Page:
With some of the highest mountain ranges in the world, South America has always been a major destination for nature lovers and hikers. The famous Inca Trail up to Machu Picchu in Peru may be the most famous, but this continent has far more to offer in terms of spectacular treks and stunning views, with a fraction of the crowds. After months and months indoors, why not select one of these beautiful secluded trails for your trip?
(Be sure to check each nations up-to-date guidelines before choosing to visit)
If you simply have to see Machu Picchu when in South America (as you should!), then consider taking the Salkantay Trek in Peru as an alternative to the Inca Trail. Hotly rising up the ranks as one of the most respected and beautiful journeys in the world, this alternative trail connects the cities of Mollepata and Cusco with Machu Picchu, following a similarly ancient path up to the world-famous archaeological citadel itself.
Despite meaning ‘Savage Mountain’, the journey up Mount Salkantay is open to all levels of hiker, and takes 5 days/4 nights. Crossing spectacular snowy peaks and lush forest, through remote mountain villages, and via lakes and waterfalls, this trek is truly one of the most remarkable in the world. It is also comparatively much cheaper and sustainable than the Inca Trail, and far easier to book a place on.
This gorgeous long-distance (600km) trail in Argentinian Patagonia takes trekkers on a journey between two spectacular lakes; Aluminé and Baggilt. With stages marked by difficulty level, this route is excellent for all fitness types, although Spanish proficiency may be desirable due to the lack of English language guidebooks and maps.
The project for this trail used to be centrally funded, meaning it had official governmental protection and maintenance. Nowadays this funding has been revoked, meaning some parts of the trail may have lost their markings or formal route. There are also very few guesthouses along the way, but plenty of camping spots beside the dazzling lakes.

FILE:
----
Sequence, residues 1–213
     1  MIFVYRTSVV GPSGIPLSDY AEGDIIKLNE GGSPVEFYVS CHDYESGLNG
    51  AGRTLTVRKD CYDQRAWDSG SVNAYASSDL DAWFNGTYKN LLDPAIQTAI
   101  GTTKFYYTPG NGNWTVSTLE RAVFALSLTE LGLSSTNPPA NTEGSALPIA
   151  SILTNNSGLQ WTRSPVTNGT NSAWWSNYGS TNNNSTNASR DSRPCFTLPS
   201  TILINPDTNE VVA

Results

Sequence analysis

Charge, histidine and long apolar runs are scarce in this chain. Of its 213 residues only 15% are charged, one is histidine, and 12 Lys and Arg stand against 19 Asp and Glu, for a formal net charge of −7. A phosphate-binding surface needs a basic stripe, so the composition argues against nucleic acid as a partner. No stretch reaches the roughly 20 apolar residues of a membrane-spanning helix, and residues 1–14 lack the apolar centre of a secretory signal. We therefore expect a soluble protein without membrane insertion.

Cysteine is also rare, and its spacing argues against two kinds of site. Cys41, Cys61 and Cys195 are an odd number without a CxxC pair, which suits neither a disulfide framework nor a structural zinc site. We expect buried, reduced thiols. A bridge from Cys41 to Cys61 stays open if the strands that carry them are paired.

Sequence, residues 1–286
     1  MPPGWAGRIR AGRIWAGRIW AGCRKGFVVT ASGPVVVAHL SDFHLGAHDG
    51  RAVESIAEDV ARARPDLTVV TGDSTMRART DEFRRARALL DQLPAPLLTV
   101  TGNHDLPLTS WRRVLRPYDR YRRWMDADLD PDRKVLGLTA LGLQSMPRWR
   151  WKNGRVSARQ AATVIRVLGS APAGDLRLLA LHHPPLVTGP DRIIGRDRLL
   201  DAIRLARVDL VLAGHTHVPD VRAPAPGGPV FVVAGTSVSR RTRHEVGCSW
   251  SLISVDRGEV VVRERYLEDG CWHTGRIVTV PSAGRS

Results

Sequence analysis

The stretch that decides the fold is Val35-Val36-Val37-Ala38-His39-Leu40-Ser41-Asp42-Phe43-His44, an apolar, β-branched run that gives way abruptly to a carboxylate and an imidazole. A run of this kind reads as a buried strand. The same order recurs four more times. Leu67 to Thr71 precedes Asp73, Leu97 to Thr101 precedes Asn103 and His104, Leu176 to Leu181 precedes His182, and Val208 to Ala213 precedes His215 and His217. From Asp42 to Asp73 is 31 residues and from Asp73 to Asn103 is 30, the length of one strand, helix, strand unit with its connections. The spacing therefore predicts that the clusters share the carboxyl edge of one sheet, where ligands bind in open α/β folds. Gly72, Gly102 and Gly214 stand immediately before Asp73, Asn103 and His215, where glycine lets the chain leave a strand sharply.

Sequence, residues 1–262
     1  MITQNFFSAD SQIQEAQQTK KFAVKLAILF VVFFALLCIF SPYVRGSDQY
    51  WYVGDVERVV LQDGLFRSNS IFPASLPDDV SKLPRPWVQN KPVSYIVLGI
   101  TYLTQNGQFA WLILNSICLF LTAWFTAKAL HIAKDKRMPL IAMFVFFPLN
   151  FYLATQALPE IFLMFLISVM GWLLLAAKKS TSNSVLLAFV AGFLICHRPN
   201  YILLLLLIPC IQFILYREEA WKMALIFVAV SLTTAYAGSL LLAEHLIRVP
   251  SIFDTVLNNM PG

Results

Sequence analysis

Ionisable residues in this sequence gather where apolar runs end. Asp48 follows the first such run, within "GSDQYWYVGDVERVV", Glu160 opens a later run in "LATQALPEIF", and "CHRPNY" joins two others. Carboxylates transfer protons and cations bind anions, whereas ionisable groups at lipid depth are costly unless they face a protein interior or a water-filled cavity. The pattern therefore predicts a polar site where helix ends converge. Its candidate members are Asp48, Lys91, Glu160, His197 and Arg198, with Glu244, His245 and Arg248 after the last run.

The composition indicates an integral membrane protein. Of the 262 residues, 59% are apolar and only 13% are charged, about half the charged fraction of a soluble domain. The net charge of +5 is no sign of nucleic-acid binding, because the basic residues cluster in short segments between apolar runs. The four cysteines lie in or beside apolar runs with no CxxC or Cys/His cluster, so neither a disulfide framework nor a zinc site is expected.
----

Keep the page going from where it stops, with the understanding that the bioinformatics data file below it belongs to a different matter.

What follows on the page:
Cerro Castillo Circuit
Another up-and-coming alternative to a long-established route is the Cerro Castillo Circuit, dubbed the “next W trek” in Chile. This four-day route takes trekkers through the stunning valleys of the Cerro Castillo National Reserve, complete with beautiful waterfalls, turquoise lagoons and wildlife. Since it is so off-the-beaten-path, novice trekkers or non-Spanish speaking visitors may find it a little difficult to navigate; however guides can be accessed and downloaded from sites such as Adventure Alan. It is also recommended that you bring all the food you will need for the journey, as there is very little in the way of food vendors.
The Maragua Crater
This trek, just a couple hours from Sucre in Bolivia, is a fascinating cultural journey for those interested in ancient history. On this 2-3-day route, trekkers can witness 2,000-year-old cave paintings and dinosaur footprints, and discover secluded Bolivian villages. Many local families offer homestays for a cosy bed, meal and opportunity to swap stories and learn about the history of the region.
The crater itself represents a fascinating geological feature, with the rock formations and fields uniquely shaped by thousands of years of high tectonic activity. Local trekking companies like Condor Trekkers offer cheap and knowledgeable tours, with all profits going to local communities.
The Lost City Trek
Our final trek on this list is Columbia’s jewel, and a well-established Inca Trail alternative. This 4/5-day trek extends through coastal jungles, steep mountains and long winding rivers through the Sierra Nevada de Santa Marta mountains. Ending up in the Lost City, an archaeological site built by the Taiona in 800AD (predating Machu Picchu by 650 years), the distinctive shape of a thriving mountain city is still apparent when exploring these well-preserved ruins. In order to get the most out of the experience and a better understanding of the rich cultural history of the region, sign onto a tour through agencies such as G Adventures, and be prepared for a steep climb, as this one is not for the faint hearted.